Jetstar Bali to Darwin Flight Delayed After a Crew Member Called in Sick
6th Dec 2016
Passengers of a Jetstar flight from Bali to Darwin were left stranded on the island for about 13 hours after a crew member called in sick.
Upon arriving at the airport, the passengers were told their scheduled flight would not be departing for several hours, but were not told why.
A spokeswoman for the Australian carrier said:
"One of the crew members rostered on our flight from Bali to Darwin early this morning was unwell and unfortunately unable to operate on the service. Before check-in for the flight opened we sent an email and text to the contact details provided by the customers, and have provided hotels today during the delay on the flight."
However, one passenger denies Jetstar sent any notification, saying:
"If they did, it failed."
Another passenger, who said he was traveling back home after he and his partner spent a week in Bali said:
"Most people were annoyed actually. The majority of passengers were put up at Airport Novotel. It was the inconvenience of travelling to the airport and Jetstar sending no notification of any description. No text. No email. Novotel staff were excellent and handled the late arrivals very well. Most were checked in by midnight."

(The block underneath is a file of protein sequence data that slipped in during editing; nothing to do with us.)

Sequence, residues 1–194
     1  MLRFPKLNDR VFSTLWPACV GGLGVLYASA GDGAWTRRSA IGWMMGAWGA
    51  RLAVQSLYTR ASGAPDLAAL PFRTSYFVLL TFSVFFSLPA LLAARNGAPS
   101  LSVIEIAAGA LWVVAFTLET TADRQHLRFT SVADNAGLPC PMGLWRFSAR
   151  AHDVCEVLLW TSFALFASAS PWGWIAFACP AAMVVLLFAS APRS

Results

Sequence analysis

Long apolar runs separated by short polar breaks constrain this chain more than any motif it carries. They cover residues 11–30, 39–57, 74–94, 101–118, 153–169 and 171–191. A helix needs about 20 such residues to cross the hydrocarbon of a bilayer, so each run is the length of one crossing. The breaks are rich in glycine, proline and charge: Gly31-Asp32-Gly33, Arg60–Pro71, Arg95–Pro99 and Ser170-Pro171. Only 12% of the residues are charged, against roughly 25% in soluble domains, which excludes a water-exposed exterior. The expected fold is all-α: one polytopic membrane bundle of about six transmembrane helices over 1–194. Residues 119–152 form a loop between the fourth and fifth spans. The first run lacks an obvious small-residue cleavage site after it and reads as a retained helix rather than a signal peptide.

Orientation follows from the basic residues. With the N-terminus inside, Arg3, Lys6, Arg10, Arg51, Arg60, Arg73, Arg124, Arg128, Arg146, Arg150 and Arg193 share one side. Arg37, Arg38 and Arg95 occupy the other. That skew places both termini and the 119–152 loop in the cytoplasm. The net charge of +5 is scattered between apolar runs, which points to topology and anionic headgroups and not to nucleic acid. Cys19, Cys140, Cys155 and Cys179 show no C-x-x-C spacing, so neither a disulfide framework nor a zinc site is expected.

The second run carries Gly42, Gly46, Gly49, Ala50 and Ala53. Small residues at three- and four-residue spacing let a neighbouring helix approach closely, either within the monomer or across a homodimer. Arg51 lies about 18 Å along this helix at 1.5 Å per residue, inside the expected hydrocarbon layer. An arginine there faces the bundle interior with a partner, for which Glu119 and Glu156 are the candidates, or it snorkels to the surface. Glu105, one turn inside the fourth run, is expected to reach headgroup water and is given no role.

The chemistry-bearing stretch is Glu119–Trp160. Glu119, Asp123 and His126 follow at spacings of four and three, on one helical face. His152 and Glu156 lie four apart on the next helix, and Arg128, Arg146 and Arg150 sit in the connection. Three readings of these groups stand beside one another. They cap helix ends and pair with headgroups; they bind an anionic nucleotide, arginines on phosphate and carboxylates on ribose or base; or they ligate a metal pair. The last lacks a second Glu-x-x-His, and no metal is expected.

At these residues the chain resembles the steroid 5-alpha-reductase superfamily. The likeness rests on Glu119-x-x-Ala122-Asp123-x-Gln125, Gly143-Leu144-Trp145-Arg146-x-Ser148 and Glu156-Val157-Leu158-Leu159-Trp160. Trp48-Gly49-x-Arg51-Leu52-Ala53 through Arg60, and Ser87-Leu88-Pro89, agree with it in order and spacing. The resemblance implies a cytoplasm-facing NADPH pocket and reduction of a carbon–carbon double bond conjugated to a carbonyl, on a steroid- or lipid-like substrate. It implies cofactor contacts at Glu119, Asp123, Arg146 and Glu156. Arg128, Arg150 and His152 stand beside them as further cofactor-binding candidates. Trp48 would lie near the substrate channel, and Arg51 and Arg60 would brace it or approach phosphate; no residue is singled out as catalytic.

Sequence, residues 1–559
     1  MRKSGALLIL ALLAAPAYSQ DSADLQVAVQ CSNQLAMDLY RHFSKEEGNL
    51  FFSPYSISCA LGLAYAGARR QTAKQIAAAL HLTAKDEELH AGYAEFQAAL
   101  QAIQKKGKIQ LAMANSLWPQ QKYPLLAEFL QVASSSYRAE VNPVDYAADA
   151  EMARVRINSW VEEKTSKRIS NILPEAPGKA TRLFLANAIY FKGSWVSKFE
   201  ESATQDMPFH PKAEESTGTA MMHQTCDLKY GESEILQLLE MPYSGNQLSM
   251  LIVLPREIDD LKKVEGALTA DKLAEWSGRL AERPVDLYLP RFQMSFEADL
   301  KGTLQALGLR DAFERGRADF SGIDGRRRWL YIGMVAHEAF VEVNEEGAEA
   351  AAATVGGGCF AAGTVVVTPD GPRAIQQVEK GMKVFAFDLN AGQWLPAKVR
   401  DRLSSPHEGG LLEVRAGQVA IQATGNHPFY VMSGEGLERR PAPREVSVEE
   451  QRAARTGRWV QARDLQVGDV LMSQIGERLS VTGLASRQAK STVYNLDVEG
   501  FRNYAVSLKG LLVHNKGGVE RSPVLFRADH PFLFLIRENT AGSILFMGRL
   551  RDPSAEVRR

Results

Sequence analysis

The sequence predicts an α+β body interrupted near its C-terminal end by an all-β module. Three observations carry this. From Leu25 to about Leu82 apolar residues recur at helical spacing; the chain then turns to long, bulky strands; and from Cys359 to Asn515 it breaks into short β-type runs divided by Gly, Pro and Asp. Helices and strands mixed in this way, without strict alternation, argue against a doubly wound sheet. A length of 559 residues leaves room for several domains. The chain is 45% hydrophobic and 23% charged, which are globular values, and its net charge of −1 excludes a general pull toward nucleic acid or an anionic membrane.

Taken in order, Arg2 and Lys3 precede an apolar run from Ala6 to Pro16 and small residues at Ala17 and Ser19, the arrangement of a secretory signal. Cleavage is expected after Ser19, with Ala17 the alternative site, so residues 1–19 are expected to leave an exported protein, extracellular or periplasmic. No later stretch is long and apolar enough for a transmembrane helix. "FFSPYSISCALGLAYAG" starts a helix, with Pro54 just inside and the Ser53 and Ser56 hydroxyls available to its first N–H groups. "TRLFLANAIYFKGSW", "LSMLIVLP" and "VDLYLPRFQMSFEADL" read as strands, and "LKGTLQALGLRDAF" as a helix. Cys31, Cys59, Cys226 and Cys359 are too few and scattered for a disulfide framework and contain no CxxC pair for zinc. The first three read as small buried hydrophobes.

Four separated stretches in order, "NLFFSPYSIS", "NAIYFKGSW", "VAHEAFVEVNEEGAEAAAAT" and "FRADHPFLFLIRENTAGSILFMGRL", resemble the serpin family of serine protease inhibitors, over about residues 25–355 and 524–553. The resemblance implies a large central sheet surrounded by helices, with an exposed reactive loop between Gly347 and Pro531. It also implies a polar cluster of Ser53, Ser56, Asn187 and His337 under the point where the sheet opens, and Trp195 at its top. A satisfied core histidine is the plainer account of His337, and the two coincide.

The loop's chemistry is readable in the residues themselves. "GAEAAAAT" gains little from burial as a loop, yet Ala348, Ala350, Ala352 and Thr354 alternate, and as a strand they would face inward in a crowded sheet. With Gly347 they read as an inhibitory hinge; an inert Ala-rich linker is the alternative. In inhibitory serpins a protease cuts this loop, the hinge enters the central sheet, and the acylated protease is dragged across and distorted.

The delayed flight was scheduled to depart from Denpasar Airport at 1:00 am per local time and arrive in Darwin at 5:00 am local time.
Jetstar to Stop Pre-Selecting Extras
Meanwhile, following talks with the Australian Competition and Consumer Commission (ACCC), Jetstar revealed its plans to stop pre-selecting extras. This decision has been met with approval from the ACCC, who said this was a positive move for Australian consumers.
Rod Sims, ACCC chairman said the following:
"The ACCC has been concerned that the 'opt out' model has seen a number of consumers unintentionally pay for unwanted 'pre-ticked' extras. Jetstar's announcement is another step forward in the ACCC's continuing effort to end pre-selection conduct in the Australian airline industry."
"The ACCC will continue to engage with the remaining domestic airlines that still pre-select extras, and urge them to follow suit. The ACCC will also turn its attention to international airlines operating within Australia which continue to pre-select extras."